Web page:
Habitat Management Technical Fact Sheets from FWAG

Farm Woodland

Many farms have areas of woodland, which contribute greatly to the local wildlife and landscape. Small woods are not often managed productively as it usually requires specialist knowledge and equipment, meaning they are not economically viable ventures. As a result they are often neglected, however even a small management input could create important benefits for both the farm and wildlife.

Benefits of farm woodlands

Increase the wildlife potential of farm woodland by introducing simple management practices

Farm woodland can provide:

  • Ideal habitat for a wide range of plants, many of which are rare and not found elsewhere in Britain.
  • Support for a wide range of animals including mammals, invertebrates, moths, butterflies, birds, reptiles and amphibians.
  • A source of timber for sale or domestic use.
  • Habitat for game birds and enhanced sporting value of the farm.
  • Shelter for stock, game and crops.
  • Screening for buildings.
  • Attractive features on the landscape.
  • Superb recreational area.

Management advice to benefit wildlife

There are many ways that farm woodland can managed. Take specialist advice on how to best manage the wood to suit the local area, wildlife and your farming system. In general aim to create a variety of habitats within the wood to increase the biodiversity potential.

  • Link woodland habitats across the farm using wildlife corridors, such as hedgerows, ditches, tracks and beetle banks.
  • Create glades and rides within the woodland. Permanently sunlit glades stimulate the growth of meadow-type species, produce warm and sheltered conditions suited to butterflies, insects and game birds. Well-structured rides allow a gradation from low vegetation or bare ground in the centre, through tall grass and herb communities, to scrub and ultimately trees.
  • Use rotational mowing, preferably in the winter months, to control and manage the glades and rides.
  • Including shrubby areas within the woodland, along rides and edges, provides cover for pheasants in winter, part of their breeding territory in spring, and is used by visiting summer birds such as warblers.
  • Where safety permits, leave dead wood - standing or fallen. It provides habitat for many insects, fungi, lichens and micro-organisms.

Dead or decaying wood can support a range of oftenrare species

  • Non-native species such as rhododendron, laurel and sycamore, support considerably less species than most native types, grow very quickly, out-compete native species, and reduce the value of the woodland under-storey. Cutting and clearing of these species will often improve the structure and diversity of the wood.
  • Use buffer zones to protect woodland edges from pesticides and fertilisers. Where possible use extended field margins at woodland junctions.
  • Try to create a graded edge to the wood, with some scrubland and less dense habitat.
  • Fence off the wood from any stock. Although some stock inclusion may have certain benefits, in general stock will tend to reduce the wildlife potential of a wood.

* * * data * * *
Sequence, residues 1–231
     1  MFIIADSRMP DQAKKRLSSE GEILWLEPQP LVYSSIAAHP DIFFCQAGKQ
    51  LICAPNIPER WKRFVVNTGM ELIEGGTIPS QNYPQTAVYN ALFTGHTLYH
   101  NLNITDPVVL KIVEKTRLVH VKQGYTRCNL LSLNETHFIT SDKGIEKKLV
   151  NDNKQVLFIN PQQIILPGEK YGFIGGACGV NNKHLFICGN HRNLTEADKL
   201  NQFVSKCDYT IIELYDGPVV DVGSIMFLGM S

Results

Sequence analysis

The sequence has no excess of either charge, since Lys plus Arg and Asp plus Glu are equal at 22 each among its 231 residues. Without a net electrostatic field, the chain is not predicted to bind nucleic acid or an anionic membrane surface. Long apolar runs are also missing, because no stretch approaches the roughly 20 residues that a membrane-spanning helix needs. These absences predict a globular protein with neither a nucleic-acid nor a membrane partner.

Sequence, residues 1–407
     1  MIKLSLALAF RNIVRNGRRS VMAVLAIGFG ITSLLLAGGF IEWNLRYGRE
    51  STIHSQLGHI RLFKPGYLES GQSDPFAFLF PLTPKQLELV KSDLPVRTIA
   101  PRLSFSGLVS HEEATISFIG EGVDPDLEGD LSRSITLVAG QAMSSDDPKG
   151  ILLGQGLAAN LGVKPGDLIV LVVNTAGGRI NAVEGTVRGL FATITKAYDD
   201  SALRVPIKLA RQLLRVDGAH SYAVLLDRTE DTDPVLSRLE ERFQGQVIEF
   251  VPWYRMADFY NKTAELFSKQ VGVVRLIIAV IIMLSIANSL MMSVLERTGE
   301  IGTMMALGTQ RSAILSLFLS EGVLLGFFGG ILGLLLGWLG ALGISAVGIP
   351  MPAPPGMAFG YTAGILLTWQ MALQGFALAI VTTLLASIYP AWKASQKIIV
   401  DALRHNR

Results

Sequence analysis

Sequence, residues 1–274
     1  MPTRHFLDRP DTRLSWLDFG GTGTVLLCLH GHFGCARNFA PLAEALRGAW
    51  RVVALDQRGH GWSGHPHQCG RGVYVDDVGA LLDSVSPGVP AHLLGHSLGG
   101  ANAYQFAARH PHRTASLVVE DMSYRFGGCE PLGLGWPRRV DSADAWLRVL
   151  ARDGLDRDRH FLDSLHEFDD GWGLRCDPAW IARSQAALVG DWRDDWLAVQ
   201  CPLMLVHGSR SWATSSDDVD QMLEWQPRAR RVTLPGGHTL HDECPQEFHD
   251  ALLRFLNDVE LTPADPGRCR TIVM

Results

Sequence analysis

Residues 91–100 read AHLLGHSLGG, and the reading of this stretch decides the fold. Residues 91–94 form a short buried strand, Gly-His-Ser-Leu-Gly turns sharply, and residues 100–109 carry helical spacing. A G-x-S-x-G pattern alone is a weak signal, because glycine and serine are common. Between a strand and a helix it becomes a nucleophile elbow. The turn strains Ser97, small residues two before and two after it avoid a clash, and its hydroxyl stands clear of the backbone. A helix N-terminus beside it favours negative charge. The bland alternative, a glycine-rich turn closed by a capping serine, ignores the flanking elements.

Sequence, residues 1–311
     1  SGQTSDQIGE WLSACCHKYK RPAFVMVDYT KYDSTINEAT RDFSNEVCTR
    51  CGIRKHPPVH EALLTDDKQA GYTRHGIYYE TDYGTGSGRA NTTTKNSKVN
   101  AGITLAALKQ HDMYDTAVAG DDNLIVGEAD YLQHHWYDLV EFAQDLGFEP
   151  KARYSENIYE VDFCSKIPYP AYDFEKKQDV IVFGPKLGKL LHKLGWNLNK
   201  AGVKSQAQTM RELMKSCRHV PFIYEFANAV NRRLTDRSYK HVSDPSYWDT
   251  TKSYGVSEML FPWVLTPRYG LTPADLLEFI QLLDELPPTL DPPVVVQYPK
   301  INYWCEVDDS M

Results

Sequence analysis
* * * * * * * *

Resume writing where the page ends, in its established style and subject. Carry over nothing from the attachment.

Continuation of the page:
• Don’t remove ivy from the trees. It does little or no harm to healthy trees and provides an excellent source of nectar for insects – especially late season.

  • Consider coppicing the woodland – it can have many wildlife benefits. Once an area is first harvested, increased sunlight promotes the return of woodland ground flora (often still present in the seedbank), increased invertebrate populations (especially butterflies), and suitable habitat for nightingales, while hazel coppice attracts dormice.
  • Aim to have coppice at various stages of regrowth. This creates a diverse wood structure and benefits a wide variety of species.
  • Include some standard trees within the coppiced sections. This will help to slow the rate of coppice regrowth and maintain the ground flora for longer.

Coppiced woodland can provide a useful source of timber and many wildlife benefits

Creating new woodland

The decision to create a new farm wood has long-term implications. Seek advice from your local FWAG Adviser or the Forestry Commission before proceeding with a new woodland project. Factors to consider when proposing new planting include soil type, structure and suitability, planting density and design, species composition, protection from deer, rabbits and livestock, income from alternative uses of the land, possible markets for timber, and the availability of grant assistance.

The conservation value of the new woodland / tree planting areas can be greatly enhanced by following as many of the following points as possible:

  • Use a mixture of native trees and shrubs planted in groups of the same species to give a more coordinated effect.
  • Incorporate rides and glades for access and wildlife benefit
  • Plant shrub and small tree species along edges to give a graded effect and provide a warmer wood.
  • Creating a meandering edge to the woodland provides a greater wildlife benefit
  • Plant in parallel, gently curving, rows with the plants in adjacent rows staggered from one another.
  • Use protective rabbit guards or tree tubes to protect the establishing trees
  • Weeding, mulching and the replacement of dead trees will enhance the future value of the woodland

Relevant legislation

Further information

For further information including possible grant aid contact your local FWAG Adviser and visit the FWAG website at www.fwag.org.uk.

Every effort has been made to ensure accuracy in the information sheet. However, FWAG cannot accept liability for any errors or omission.
Photographs Chris Harvey
Author: FWAG
15.1 Jan 2004

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